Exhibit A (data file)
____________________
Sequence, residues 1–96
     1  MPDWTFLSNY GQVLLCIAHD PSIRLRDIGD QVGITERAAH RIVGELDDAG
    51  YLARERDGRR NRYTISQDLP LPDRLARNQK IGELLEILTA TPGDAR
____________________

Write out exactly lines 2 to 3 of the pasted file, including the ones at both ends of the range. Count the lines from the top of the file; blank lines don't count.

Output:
     1  MPDWTFLSNY GQVLLCIAHD PSIRLRDIGD QVGITERAAH RIVGELDDAG
    51  YLARERDGRR NRYTISQDLP LPDRLARNQK IGELLEILTA TPGDAR